Matching Paint

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patlaw

Mike
Corporate Member
The home we bought recently needs some touch-up painting. Some of the trim is off-white, but much of it in the newer part is pure white. I need to match the white paint so that I don't have to paint the trim in the whole room. We can't find a paint can with the paint that was used.

How do you match white paint? The smallest removable surface that I can find is a door. Do I have to remove the door and take it to Sherwin Williams? Has anyone used their iPhone app to match colors?
 

Mike Davis

Mike
Corporate Member
They have color cards at the paint store, get all that are close, bring them home and match to your paint.
 

Phil S

Board of Directors, President
Phil Soper
Staff member
Corporate Member
I find their color matching app works quite well on medium to dark colors, not so good on white. Match it to some color chips
 

patlaw

Mike
Corporate Member
Color chips should work. I was thinking so much about technology that I forgot about the old tried-and-true method.
 

danw

dan
Senior User
As a professional painter, a paint chip can get you close. Find a small piece of baseboard or other trim to remove and have matched. Something easy to get off and reinstall. Maybe from a closet or somewhere hidden just in case the removal is a little tedious and needs some repair. much easier than carrying a door.
 

bluedawg76

New User
Sam
paint chip for sure. Sherwin Williams is usually very good at this. White paint can be hard to match b/c it doesn't take much to yellow a tinge (oil, dirt, etc.) which can vary a lot within the same room. I'd plan on painting the trim along the whole wall rather than a spot or two which may be very obvious.
 

Canuck

Wayne
Corporate Member
Been there tried that and gave up.

I switched to SW ProClassic Extra White quite a few years ago. Each "opportunity" to repaint the walls in each room, I just reached for the same SW trim paint that I started with and carried on. Eventually after all rooms were ready for a change I just stick with the tried and true SW Extra White.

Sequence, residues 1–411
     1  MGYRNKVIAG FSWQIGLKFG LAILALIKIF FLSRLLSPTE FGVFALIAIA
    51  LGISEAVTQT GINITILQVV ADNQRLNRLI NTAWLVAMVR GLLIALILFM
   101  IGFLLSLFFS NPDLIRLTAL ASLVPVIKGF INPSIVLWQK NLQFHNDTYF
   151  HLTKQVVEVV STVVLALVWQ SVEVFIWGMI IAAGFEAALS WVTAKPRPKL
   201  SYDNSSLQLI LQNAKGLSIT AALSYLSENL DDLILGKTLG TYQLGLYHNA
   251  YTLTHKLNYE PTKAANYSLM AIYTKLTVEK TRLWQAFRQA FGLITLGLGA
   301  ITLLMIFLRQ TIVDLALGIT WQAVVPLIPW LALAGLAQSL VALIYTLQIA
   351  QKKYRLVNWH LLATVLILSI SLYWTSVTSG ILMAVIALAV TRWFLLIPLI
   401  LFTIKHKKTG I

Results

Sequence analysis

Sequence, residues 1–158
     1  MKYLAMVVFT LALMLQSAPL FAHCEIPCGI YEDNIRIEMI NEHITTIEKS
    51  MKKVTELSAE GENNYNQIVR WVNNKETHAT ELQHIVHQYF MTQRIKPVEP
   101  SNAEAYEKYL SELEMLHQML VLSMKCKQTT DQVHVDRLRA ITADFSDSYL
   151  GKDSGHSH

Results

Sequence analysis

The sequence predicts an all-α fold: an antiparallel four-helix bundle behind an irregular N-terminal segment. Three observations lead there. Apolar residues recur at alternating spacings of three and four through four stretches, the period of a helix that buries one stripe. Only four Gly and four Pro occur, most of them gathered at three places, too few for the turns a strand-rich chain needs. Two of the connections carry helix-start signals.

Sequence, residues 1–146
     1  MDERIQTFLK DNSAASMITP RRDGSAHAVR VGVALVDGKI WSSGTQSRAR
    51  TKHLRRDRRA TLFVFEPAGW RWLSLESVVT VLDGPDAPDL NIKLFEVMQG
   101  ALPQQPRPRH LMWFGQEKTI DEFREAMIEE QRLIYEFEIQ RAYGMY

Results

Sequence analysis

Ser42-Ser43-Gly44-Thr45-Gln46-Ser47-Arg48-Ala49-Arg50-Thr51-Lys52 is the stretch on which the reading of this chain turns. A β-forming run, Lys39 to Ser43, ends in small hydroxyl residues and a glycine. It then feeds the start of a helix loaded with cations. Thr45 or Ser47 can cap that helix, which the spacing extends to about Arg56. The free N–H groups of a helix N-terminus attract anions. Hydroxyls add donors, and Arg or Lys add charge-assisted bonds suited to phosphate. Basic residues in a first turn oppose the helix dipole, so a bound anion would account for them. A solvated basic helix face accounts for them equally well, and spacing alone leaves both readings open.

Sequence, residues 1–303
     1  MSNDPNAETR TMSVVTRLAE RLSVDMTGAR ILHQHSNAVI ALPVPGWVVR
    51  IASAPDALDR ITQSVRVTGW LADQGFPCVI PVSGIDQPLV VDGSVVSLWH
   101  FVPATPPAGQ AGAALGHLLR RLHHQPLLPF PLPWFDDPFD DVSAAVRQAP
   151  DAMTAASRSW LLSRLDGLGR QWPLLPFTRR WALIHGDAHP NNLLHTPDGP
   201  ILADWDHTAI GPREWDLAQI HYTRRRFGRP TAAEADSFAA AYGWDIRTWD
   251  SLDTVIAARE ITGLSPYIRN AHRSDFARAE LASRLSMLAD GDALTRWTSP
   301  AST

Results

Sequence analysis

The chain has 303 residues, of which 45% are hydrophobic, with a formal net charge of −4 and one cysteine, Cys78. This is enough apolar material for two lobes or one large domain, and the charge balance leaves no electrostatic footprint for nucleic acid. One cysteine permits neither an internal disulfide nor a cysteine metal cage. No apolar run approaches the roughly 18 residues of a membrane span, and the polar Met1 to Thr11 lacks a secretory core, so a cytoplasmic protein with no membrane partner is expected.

(As an example when I replaced all 14 interior doors, I already new what shade of white would match the rest of the trim.)

Wayne
 
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Ed D

Ed
Senior User
I recently went through the same thing, and I took the door. Typical interior raised panel hollow core door. I just put the door in the back of my Honda Pilot, drove 10 minutes to SWP. My neighbor laughed at me, but the paint store manager didn't; said it was the best way to get a perfect match, and it was that. Took less than 45 minutes round trip, and I was good to go. Your mileage may vary, however, depending on the weight of your doors, distance to store, and vehicle.
 

patlaw

Mike
Corporate Member
Problem somewhat solved. Since I was unable to find anything to take other than a door, I took a door. They scanned it to get the color. The salesperson then mixed the paint with a little less coloration than the color scanner suggested. When we painted some on the door, it didn't totally disappear, but it was close enough. (The scanned formula was probably the right one, and I didn't want to wait longer to do trial and error for a single gallon of paint.)

What was neat is that I had the labels from about five cans of paint that had been used at the house previously. The salesperson got the job numbers off of each can and was able to pull of the orders. There was a can of white on one of the orders for which I didn't have the can. Our guess is that it was the missing white paint. It threw us a little bit of a curve because it had some gold and black in the formula. In retrospect, I should have gotten that formula as I now believe it to be the exact one.

After all that, it turns out that it didn't really matter. When I started prepping the door, I saw a few spots where the paint was flaking off. After using a paint scraper and sandpaper for an hour, most of the original paint was removed. It had not adhered well to the pre-primed door. If the original paint did not come off with the beating I gave it, I assumed it was sufficiently adhered to paint covering it, so I painted over it.

I painted the door in the driveway, and I wasn't done until the temperature started dropping. A couple of hours later, the paint was still wet in a number of places. I brought it inside the house and stood it up to dry. When I checked it this morning, it has fully dried. It looks great. It doesn't look like it needs a second coat, so I'm not sure if I will add one. The slow drying time may have allowed the paint to level more than it normally would. The brush strokes in the inside of the panels are not really obvious.

Being a perfectionist, I'll probably paint the other side. That remains to be seen. The other side looks fine, but I'll have to examine it in better light. The side I worked over was in much worse shape than I thought it would be.

My next dilemma is that the paint is peeling off of the molding in several places in the house. That says to me that the wood was not properly primed to allow the paint to adhere properly. If that turns out the be the case, I could have a major operation on my hands. One thing is clear. Whoever owns this house next will be able to say, "The previous owners took really good care of this property."
 
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